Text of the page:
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In ‘911: The Bronx,’ Reality TV Gets Tough


In ‘911: The Bronx,’ Reality TV Gets Tough


Gritty ‘911: The Bronx’ takes Discovery Channel in a new direction.


A man who survived a fall is stabilized in the ER on ‘911: The Bronx.’

Real life washes up in the emergency room.

For camera crews shooting Discovery Channel’s “911: The Bronx” in the emergency room at St. Barnabas Hospital in the South Bronx, that real life includes gunshot wounds, a severe head injury to a man who jumped out of a window and a 12-year-old hit by a car and left with a mangled foot.

“When human beings get into trouble, they really get into trouble,” said Paul Gasek, the show’s executive producer and the senior science editor at Discovery. “These people are right at death’s door. This is the portal; the doctors are the gatekeepers.”

The show follows the staff of the emergency room as they grapple with a slew of patients. Some have been rushed to the hospital by ambulance, others simply walk in.

The program was shot last summer at St. Barnabas, a teaching hospital that cooperated on the production. Laws limiting the release of patient information made the work a bit of a challenge. After segments were filmed, the producers had to get permission to use them. Some people didn’t want their stories told.

“We shot an enormous amount of footage,” Gasek said. “But not all the stories panned out. Not all the people agreed to be on. We shot a number of stories that never made it to air, which we destroyed.”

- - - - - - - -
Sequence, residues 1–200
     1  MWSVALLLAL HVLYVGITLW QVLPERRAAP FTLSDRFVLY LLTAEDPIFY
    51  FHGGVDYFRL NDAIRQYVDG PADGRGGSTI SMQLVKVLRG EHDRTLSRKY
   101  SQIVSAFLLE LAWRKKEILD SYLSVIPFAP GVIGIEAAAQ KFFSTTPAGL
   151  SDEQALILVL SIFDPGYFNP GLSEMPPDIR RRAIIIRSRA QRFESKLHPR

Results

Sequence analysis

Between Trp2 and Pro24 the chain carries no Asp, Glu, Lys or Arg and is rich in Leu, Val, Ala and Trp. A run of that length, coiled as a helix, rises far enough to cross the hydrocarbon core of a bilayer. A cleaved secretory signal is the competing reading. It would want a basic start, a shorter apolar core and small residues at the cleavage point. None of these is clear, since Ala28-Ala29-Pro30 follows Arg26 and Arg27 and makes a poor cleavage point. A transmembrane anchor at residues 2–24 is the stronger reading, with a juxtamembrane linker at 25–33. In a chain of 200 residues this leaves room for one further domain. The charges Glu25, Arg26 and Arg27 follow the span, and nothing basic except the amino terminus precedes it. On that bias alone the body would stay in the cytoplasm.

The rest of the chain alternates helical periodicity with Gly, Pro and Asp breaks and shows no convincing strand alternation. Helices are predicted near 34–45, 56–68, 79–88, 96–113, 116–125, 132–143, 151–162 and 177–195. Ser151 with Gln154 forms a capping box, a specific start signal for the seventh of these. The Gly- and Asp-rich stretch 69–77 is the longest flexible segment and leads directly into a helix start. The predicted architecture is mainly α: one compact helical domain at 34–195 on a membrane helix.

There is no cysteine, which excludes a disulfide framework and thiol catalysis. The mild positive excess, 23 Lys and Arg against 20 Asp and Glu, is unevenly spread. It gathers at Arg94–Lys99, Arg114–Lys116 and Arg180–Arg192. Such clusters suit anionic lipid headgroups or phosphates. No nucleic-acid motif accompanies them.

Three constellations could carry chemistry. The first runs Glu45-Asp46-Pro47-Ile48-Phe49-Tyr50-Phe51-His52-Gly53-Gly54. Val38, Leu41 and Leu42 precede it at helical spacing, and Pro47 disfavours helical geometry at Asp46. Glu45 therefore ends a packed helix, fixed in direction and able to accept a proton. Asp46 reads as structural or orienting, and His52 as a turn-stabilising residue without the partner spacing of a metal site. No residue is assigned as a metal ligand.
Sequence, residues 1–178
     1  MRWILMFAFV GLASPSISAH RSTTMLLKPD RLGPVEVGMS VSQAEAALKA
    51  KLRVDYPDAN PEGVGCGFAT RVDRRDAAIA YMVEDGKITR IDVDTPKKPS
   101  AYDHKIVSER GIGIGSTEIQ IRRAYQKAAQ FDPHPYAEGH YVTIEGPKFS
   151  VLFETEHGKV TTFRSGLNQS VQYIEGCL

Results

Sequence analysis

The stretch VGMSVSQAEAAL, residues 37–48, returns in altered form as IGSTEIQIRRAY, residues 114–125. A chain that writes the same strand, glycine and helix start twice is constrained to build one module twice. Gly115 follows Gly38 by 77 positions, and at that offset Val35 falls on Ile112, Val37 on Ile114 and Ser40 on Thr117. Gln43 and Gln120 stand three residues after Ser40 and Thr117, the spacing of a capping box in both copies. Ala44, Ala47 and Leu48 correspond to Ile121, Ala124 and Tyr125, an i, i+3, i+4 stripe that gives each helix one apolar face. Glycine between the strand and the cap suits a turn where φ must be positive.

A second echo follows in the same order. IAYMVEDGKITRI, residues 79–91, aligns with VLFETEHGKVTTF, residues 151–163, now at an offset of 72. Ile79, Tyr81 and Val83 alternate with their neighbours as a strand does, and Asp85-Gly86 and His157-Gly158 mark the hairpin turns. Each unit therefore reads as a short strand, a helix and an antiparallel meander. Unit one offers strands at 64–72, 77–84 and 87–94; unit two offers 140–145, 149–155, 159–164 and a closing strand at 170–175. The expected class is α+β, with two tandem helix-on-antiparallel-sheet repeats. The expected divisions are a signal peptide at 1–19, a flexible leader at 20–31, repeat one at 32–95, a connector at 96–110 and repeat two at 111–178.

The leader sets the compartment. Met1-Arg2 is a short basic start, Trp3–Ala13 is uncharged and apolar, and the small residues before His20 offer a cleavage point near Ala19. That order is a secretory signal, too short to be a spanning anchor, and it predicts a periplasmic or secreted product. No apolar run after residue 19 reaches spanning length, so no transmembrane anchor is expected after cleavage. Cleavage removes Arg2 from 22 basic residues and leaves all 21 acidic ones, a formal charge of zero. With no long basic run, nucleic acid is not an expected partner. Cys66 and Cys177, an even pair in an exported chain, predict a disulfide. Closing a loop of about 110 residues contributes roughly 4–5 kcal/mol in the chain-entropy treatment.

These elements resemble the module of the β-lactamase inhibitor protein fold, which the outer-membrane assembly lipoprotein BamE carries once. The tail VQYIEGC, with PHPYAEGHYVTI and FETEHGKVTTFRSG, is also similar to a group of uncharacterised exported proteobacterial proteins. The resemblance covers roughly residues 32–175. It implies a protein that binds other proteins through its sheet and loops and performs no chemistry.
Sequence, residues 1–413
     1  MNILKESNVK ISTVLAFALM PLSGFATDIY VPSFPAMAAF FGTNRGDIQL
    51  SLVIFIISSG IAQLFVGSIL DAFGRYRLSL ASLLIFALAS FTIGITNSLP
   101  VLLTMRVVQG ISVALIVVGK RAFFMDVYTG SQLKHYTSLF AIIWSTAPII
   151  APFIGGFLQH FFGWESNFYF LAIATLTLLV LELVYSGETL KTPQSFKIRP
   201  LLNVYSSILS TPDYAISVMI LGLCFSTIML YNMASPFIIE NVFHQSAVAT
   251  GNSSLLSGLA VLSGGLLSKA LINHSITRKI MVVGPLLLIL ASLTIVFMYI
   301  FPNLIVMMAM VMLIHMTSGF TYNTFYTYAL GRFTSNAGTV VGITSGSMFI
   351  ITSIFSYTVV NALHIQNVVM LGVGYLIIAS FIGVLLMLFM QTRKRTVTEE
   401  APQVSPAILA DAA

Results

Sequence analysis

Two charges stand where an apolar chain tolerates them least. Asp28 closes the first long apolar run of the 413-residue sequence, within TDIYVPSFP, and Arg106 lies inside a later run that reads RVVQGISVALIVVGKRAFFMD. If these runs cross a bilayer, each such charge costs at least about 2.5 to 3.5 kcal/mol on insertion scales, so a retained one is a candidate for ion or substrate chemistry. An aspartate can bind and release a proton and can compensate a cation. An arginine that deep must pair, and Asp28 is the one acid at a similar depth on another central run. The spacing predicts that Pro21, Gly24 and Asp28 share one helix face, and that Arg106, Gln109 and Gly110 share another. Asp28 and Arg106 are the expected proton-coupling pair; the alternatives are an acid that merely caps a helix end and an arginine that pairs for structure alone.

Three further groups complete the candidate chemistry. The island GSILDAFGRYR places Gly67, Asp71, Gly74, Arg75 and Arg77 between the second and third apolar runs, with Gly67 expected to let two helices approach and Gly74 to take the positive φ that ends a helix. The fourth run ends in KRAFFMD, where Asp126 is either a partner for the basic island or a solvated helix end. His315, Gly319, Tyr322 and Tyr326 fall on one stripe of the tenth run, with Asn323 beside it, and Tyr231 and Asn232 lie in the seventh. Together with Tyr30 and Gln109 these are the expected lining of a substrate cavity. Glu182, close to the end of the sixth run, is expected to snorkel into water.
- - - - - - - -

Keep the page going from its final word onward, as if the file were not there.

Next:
Gasek admitted the show was a hard sell at the channel. There were questions about whether a gritty, sometimes gory, series fit in with the Discovery brand.

“This is not a medical show,” Gasek said. “It’s a reality show set in a hospital. We have heroes. We have real-life scenarios.”

In the first episode, one patient is the man who fell four stories, landing on his head. Another is a guy who sliced his finger on a meat cutter. Another is a pregnant woman with a broken arm. One of the most dramatic stories, however, is about a kid hit by a car. He keeps asking the staff if he’s going to die.

As of now, there are no plans to produce more than the six episodes available. Discovery will air three back-to-back, hour-long episodes tomorrow.

“There’s a little bit of uncertainty about whether they’ll [viewers] respond or not,” Gasek said. “If they tune in, they’ll have trouble turning away.

“This is really just about being in the hallway, being in the room. This is what you’ll see when there,” he said. “It’s visceral - I hope it’s not too visceral. I’m hoping people will respond.”


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    I have watched the show and found it a little to graphic !
  2. Lenny
    I guess now they went overboard. When COPS was in NY, the city would only allow NYPD chasing rats and other boring crimes to be shown!! Politics really censored what they showed on TV..

    I guess EMS, 911 and others in those industries will enjoy the show.